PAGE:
Despite the scone's reputation as dry and difficult, the classic British quick bread has been rearing its crumbly head on several San Francisco brunch menus of late. Done wrong, the scone becomes a rock-solid exercise in jaw strength, but the right technique yields a flaky, buttery bite that holds up, miraculously, to the most deliberate of coffee dunks.
25 Lusk chef Matthew Dolan often puts a scone of some sort in his gratis brunch bread plate. He sent us a two-paragraph long description about how he makes them. We'll spare you the details, but say that they're perfect.
Nopa pastry chef Amy Brown spares nothing in her recipe, full of cream, buttermilk, butter and creme fraiche for an extra tang. She makes a batch every Saturday and Sunday morning before Nopa's brunch service. This weekend look for her larger-than-average scones specked with dried plums and lemon zest. They're served with a heaping dollop of summery lemon verbena mascarpone that knocks plain old butter out of the ballpark.
At Jane on Fillmore, pastry chef Amanda Michael bakes two types of scones daily and mixes everything by hand. Her sweet variations like ginger and whole wheat-cherry-cocoa nib draw repeat customers, but her savory herb and cheese blends are our favorites. If the white cheddar thyme variety is in the case, scoop it up immediately. "I love making scones because they aren't a super sweet baked good and you can play with flavors and whole grains," says Michael.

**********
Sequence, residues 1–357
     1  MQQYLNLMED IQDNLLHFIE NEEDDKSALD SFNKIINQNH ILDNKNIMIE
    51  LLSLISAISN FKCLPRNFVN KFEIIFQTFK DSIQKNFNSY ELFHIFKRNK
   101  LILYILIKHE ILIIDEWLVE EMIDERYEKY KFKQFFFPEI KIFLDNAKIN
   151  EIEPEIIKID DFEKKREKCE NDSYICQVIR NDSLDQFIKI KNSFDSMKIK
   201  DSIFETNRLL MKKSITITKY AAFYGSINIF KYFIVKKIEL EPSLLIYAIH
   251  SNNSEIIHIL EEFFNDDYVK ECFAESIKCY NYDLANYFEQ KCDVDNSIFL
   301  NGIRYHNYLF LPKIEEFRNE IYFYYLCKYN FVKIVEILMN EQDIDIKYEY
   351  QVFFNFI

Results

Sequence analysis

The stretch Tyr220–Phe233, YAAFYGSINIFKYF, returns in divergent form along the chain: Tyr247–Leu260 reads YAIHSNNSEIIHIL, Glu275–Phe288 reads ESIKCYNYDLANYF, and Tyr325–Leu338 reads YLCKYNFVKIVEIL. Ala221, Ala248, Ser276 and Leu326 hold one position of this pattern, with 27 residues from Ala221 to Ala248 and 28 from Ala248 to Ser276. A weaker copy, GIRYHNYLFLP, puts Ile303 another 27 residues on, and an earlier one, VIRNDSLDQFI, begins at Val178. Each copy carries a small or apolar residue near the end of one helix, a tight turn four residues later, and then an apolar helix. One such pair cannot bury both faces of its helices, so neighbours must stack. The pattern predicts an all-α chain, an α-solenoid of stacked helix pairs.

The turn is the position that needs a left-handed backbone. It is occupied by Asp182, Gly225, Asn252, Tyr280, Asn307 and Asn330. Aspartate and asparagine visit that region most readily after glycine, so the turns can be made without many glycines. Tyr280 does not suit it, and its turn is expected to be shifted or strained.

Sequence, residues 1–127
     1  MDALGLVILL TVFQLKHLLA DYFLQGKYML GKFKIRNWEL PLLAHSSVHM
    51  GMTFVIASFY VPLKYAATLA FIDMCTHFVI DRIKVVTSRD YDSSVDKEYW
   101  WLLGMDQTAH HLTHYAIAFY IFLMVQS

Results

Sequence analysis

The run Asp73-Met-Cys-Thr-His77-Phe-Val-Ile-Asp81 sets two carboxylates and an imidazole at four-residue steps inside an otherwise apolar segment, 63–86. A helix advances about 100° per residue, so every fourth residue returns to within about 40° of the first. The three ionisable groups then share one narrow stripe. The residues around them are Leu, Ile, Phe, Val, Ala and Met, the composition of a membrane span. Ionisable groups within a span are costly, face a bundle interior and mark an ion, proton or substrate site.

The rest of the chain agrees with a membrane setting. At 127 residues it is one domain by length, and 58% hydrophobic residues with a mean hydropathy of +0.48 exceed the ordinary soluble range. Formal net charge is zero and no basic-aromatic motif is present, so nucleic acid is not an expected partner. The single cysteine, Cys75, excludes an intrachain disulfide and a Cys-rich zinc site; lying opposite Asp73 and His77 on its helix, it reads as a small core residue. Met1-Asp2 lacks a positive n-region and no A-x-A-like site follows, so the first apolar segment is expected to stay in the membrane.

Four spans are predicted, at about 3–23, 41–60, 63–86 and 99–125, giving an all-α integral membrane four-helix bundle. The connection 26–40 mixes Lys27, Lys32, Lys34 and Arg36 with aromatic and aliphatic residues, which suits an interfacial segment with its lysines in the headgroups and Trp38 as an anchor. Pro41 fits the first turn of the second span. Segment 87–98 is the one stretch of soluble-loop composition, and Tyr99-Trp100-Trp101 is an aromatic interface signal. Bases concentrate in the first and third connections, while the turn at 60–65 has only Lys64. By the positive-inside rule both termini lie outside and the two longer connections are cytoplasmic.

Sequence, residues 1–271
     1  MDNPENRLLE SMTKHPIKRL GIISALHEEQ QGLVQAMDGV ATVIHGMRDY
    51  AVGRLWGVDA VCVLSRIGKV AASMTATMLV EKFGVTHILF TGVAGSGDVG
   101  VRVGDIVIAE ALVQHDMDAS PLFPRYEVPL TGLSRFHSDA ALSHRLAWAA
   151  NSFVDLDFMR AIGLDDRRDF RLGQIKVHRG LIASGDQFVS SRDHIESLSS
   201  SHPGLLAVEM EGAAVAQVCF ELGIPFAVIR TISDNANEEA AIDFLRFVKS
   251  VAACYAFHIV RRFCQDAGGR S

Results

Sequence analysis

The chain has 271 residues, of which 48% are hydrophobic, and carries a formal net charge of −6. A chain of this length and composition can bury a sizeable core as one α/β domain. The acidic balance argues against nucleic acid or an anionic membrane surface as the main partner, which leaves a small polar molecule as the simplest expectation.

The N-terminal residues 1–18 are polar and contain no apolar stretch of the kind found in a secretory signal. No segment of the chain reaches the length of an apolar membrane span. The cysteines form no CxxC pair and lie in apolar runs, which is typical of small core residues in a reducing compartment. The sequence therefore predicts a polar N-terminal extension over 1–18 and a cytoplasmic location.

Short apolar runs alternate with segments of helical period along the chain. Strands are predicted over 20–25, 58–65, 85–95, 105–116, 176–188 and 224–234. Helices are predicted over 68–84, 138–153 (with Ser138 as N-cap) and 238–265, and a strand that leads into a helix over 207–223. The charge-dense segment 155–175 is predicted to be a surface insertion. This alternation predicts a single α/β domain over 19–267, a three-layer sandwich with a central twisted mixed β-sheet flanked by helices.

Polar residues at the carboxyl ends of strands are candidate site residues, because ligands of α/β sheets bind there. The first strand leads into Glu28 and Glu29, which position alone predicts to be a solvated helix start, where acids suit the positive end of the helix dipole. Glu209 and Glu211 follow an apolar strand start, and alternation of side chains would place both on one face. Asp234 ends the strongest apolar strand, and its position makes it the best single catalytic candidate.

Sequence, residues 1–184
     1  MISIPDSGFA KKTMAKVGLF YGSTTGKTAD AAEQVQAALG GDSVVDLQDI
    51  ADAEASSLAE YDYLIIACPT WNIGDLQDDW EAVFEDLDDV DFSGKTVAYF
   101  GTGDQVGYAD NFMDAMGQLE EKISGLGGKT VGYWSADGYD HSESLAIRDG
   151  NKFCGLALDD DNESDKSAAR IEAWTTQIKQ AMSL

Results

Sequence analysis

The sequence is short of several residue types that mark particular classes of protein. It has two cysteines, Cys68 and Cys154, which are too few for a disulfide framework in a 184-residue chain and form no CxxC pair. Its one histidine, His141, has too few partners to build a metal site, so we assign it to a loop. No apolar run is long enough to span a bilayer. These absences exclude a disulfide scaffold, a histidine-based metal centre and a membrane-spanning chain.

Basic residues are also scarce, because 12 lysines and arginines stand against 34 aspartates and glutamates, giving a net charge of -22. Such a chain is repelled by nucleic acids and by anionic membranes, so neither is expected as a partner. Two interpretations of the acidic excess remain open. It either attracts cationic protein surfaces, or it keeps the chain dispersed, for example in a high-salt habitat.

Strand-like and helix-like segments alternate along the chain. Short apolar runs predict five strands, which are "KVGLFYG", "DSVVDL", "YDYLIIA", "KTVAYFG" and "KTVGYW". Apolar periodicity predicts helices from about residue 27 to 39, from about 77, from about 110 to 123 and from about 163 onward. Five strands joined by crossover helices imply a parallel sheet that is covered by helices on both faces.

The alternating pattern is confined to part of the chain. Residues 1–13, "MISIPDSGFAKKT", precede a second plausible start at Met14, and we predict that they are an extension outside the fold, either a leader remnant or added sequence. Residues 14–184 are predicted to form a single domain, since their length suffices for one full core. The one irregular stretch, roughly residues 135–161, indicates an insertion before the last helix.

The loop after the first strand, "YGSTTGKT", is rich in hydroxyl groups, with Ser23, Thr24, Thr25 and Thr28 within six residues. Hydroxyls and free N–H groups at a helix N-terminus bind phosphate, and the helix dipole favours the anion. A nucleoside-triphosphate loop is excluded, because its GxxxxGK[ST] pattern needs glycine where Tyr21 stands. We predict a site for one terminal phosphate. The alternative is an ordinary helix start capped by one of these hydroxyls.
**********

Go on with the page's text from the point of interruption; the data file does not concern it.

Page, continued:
And no scone round-up would be complete without a Lovejoy's Tea Room shout. Co-owner Muna Nash gets the round beauties from traditional Irish baker John Campbell of John Campbell's Irish Bakery. Served with Devonshire clotted cream, strawberry preserves (from taste-test-winner Smucker's) and Lovejoy's charmingly kooky decor, there's nothing else like 'em in San Francisco.
Are you currently crushing on a scone that went unmentioned? Share it with the world in the comments.